- June 12, 2017, 2:00 pm US/Central
- Regina Caputo, University of Maryland/NASA/GAFC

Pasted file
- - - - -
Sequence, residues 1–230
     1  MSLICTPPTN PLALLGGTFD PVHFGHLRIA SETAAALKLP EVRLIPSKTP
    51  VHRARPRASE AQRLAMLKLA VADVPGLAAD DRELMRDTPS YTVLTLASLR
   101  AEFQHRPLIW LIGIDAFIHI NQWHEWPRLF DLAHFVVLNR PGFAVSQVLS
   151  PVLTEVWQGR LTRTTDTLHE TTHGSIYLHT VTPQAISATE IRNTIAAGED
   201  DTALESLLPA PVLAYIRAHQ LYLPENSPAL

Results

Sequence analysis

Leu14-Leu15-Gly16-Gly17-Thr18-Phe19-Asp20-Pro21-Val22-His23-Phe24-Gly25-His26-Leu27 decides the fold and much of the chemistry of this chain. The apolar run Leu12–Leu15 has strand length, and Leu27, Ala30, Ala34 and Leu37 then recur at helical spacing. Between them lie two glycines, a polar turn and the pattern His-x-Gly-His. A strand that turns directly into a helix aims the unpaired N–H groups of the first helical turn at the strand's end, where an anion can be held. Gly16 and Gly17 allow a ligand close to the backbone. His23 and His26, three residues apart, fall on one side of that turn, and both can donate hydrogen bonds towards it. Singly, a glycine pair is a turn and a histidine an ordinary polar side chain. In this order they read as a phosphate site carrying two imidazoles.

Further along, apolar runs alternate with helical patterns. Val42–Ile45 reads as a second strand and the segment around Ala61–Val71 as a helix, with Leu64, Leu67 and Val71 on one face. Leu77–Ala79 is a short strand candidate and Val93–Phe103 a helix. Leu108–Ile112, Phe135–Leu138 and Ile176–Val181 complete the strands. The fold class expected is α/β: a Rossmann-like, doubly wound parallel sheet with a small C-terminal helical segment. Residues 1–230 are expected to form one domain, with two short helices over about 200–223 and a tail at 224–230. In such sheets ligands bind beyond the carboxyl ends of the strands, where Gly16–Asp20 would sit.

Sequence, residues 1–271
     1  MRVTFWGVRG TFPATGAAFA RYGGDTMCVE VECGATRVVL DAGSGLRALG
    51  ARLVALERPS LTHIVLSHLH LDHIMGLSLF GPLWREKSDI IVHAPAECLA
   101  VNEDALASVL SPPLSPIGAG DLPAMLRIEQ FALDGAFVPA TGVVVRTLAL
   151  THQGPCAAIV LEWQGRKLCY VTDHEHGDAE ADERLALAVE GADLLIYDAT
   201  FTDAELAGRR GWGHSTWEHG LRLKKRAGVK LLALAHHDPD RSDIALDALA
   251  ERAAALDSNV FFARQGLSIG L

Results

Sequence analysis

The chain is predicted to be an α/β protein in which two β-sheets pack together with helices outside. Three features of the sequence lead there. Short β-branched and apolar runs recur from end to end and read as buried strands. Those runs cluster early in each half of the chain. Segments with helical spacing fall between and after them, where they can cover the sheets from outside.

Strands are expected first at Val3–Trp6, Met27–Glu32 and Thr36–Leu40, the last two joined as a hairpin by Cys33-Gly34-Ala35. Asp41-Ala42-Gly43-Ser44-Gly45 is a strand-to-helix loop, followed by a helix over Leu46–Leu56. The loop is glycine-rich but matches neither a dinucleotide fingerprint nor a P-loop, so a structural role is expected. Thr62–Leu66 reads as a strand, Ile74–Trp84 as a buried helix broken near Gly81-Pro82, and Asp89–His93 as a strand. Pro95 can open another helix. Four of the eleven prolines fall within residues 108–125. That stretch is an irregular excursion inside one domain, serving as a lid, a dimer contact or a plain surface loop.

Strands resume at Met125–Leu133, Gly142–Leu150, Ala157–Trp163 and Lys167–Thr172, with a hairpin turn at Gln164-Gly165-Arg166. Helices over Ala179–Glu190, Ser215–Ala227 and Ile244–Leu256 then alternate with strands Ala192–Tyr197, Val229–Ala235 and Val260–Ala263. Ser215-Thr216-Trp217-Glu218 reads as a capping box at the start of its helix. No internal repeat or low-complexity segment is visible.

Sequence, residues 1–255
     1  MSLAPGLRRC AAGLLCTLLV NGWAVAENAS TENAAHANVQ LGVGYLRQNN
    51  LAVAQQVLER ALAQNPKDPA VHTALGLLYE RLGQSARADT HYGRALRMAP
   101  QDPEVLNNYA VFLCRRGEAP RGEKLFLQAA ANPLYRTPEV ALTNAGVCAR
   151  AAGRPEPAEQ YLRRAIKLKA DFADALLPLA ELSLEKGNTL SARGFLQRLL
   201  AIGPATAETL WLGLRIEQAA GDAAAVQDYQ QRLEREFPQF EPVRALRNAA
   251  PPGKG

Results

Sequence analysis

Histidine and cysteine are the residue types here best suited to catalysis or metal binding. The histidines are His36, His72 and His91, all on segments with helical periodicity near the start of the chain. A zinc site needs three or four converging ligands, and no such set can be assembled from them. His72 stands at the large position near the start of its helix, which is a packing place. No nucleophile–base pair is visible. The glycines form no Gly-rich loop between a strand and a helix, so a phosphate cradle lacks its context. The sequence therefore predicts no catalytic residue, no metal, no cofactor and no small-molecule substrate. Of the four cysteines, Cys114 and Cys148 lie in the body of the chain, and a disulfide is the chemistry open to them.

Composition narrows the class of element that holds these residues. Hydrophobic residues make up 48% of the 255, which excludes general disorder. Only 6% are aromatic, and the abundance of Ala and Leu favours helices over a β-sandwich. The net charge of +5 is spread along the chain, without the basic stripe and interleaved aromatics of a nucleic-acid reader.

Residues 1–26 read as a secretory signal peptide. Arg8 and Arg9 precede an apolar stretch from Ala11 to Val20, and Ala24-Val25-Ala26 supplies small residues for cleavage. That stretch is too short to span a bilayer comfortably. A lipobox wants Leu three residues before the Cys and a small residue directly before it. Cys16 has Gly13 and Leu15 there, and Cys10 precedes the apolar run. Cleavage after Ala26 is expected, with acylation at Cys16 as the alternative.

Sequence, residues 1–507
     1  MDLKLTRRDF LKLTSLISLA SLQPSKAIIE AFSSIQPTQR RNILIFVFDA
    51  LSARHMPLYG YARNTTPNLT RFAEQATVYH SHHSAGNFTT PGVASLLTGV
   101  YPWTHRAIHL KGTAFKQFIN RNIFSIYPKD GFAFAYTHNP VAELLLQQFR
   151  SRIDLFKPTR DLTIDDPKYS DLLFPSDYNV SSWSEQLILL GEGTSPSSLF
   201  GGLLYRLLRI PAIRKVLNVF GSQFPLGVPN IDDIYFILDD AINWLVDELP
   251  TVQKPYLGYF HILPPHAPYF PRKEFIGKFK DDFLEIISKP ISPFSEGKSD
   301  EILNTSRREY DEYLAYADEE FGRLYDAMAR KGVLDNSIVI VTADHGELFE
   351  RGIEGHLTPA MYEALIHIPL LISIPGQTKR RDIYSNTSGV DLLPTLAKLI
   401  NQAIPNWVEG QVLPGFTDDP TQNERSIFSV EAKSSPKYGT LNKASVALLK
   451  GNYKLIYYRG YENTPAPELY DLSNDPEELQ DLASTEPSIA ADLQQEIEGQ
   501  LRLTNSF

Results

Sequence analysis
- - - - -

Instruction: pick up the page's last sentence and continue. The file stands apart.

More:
The era of precision cosmology has revealed that ~80% of the total amount of matter in the universe is dark matter. One promising candidate, motivated by both particle physics and astrophysics, is the Weakly Interacting Massive Particle (WIMP). WIMPs are predicted to produce gamma rays via annihilation or decay which are detectable by the Fermi Large Area Telescope (Fermi-LAT). Indirect searches such as this complement direct and collider (production) searches and are necessary to fully investigate the particle nature of dark matter. For nearly nine years, Fermi-LAT has been surveying the sky in the energy range 20 MeV to >300 GeV from low Earth orbit. I present several recent results from the Fermi-LAT Collaboration for a variety of indirect search targets, including the neighboring galaxies and the Galactic center. I will also discuss the prospects for future searches with the Fermi-LAT and future gamma-ray telescopes.